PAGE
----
“To integrate medical services, large medical centers, for specialized function will emerge and duplication of services will be avoided.  Hospital construction will accelerate.  The electronics industry will cooperate to provide home monitoring systems, some of which are already in use, so that someone with a pacemaker can dial a number, plug in a jack and be told whether or not to come in for a new battery.  The miniature telemetry that has spilled over from the space effort has already made its influence felt, and clever analytical devices and monitoring modules will be on the market.  Sophisticated tests that a few years ago could only be performed in large centers will be available for offices, clinics, what have you.  The plastics industry enables doctors to look around corners into every crevice of the body with relative ease.


“It is canard to say that doctors are unpopular.  They are possibly the most popular element in our society, or else why cry all the time for more doctors.  Actually, everybody likes the doctor.  It’s just their take-home pay that people don’t like, and strong forces are joining hands to restrict it.


“In short, we are in the process of forming a health-industrial complex that will dwarf the military-industrial complex that President Eisenhower warned against.  Numerous citizens opposed the military-industrial combination because it is easy to be against war.  But it will be very difficult on any grounds to oppose the health-industrial complex because what citizen, legislature or congressman will dare cast a vote against health?  The doctors, of course, will lose considerable freedom in such a system.  But they might not be the only ones.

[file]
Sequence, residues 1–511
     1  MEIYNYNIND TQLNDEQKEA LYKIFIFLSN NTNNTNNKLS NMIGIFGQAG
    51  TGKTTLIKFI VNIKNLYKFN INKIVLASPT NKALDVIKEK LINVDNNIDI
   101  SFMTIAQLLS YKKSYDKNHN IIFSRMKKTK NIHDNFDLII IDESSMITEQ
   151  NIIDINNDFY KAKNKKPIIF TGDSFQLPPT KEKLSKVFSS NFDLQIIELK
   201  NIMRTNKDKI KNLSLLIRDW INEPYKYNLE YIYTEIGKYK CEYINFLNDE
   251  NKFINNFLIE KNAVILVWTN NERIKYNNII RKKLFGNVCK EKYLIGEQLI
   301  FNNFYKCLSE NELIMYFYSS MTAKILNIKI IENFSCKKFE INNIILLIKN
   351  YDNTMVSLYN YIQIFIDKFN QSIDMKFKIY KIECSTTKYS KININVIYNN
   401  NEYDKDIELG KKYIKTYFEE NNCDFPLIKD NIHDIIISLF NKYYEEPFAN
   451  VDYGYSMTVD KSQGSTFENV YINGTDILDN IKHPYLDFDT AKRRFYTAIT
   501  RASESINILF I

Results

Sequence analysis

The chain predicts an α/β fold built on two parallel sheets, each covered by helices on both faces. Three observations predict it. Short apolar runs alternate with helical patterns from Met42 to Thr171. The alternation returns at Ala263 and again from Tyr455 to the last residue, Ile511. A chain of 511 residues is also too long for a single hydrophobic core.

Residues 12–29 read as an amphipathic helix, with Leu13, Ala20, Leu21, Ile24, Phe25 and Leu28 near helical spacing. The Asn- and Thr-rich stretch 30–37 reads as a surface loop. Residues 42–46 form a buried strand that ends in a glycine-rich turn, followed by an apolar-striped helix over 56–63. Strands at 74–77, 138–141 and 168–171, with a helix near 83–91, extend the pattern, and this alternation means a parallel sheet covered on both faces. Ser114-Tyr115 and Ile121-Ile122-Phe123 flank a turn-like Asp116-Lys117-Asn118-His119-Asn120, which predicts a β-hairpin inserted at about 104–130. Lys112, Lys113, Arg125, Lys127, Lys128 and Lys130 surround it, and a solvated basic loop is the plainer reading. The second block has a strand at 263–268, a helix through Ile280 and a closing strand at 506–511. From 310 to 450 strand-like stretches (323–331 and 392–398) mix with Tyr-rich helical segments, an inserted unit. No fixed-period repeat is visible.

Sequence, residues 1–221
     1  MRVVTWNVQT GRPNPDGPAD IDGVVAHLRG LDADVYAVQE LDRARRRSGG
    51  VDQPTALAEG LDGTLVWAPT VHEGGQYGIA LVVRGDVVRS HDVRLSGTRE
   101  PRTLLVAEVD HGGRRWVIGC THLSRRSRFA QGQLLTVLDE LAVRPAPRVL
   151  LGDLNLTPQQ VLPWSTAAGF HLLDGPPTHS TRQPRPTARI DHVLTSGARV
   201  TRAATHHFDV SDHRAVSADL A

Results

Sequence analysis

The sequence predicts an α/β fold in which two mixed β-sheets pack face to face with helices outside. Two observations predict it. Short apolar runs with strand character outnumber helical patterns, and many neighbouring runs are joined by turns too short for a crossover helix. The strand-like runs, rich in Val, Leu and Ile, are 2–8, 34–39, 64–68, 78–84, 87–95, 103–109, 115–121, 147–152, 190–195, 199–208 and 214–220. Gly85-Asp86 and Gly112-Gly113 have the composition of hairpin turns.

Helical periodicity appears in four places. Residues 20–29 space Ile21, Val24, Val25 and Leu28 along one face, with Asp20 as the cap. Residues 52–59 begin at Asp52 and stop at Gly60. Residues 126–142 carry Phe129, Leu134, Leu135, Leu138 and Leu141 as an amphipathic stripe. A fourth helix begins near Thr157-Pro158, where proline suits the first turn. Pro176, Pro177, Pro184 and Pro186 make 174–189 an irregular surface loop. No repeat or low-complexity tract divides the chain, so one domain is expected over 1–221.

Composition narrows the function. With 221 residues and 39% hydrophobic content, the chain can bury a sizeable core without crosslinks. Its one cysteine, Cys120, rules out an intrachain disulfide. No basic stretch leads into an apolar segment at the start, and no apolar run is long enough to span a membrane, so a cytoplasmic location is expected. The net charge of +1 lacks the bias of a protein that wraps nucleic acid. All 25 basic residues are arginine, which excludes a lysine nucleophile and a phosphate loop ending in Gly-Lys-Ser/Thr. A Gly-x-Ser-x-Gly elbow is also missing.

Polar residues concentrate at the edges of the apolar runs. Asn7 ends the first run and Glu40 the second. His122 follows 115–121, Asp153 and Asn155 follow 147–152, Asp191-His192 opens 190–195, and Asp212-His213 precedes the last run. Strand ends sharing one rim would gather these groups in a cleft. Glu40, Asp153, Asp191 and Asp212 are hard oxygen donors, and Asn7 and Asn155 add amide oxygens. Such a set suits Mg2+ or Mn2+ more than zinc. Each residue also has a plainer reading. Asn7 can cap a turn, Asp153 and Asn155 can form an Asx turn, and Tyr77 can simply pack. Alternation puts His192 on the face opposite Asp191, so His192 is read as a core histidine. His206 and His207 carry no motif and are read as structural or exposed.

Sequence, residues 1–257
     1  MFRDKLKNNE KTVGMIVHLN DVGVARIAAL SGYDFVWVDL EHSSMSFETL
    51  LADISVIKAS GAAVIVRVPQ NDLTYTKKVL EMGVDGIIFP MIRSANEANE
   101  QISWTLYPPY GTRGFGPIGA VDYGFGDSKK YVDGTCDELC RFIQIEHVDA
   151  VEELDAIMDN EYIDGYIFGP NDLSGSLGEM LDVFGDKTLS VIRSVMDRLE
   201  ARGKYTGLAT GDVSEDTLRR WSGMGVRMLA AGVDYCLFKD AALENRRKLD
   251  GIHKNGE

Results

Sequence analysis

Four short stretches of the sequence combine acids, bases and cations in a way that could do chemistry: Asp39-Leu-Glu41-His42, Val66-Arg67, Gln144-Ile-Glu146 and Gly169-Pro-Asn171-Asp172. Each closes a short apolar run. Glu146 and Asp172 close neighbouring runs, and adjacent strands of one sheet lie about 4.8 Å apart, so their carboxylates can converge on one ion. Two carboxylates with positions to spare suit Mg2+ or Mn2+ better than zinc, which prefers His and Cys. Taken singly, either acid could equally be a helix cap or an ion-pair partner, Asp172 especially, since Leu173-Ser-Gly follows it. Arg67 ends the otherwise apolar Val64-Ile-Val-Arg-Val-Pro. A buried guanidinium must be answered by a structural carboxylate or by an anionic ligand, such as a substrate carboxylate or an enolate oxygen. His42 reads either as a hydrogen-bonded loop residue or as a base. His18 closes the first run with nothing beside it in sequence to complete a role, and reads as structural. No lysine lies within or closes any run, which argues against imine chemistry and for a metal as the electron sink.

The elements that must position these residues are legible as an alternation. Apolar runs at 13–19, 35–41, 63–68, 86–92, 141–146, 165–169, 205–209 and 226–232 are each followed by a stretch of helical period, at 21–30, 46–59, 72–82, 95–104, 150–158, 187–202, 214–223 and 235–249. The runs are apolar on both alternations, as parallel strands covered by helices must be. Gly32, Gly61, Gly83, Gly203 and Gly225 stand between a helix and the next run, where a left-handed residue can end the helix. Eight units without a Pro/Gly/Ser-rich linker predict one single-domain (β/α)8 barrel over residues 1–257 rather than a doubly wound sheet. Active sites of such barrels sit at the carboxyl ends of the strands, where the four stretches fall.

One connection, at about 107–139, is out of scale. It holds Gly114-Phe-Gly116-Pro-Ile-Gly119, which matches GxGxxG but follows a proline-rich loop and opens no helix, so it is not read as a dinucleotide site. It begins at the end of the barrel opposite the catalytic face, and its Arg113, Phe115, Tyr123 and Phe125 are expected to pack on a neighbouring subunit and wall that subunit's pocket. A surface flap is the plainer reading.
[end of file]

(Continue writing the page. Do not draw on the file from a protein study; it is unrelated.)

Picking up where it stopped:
“A collective health system is, by necessity, an administrative system, and administrative systems are harsh, and restrictive of everybody’s freedom.  If improperly organized, we could find ourselves one day living under a health czar, or an administrative health establishment where people can be told you must do thus and such because it is good for your health, and the health of your community.  A comprehensive health system will have power to regulate ecology energy sources, sewage disposal, and construction.  It will have to eliminate slums, rats and infestations to provide for a healthy atmosphere.  It will be empowered to order mass vaccination programs---all this power deriving from a central source.


“I don’t argue against the concept of a government dedicating itself to the health of its citizens.  That’s what governments are for.  But in the process of trying to attain this higher level of social organization, beware that those who govern your health have at least the professional credentials to presume to do such a job, and that power is balanced by opposing forces--.”


After it was over, Lapius was beaming.  “Did you like it, Harry?”


“Not really.”


Just then the moderator regained the lectern and spoke into the microphone.  “I want to thank Mr. Tunney for presenting the lecture on behalf of Dr. Simon Q. Lapius, whose laryngitis---.”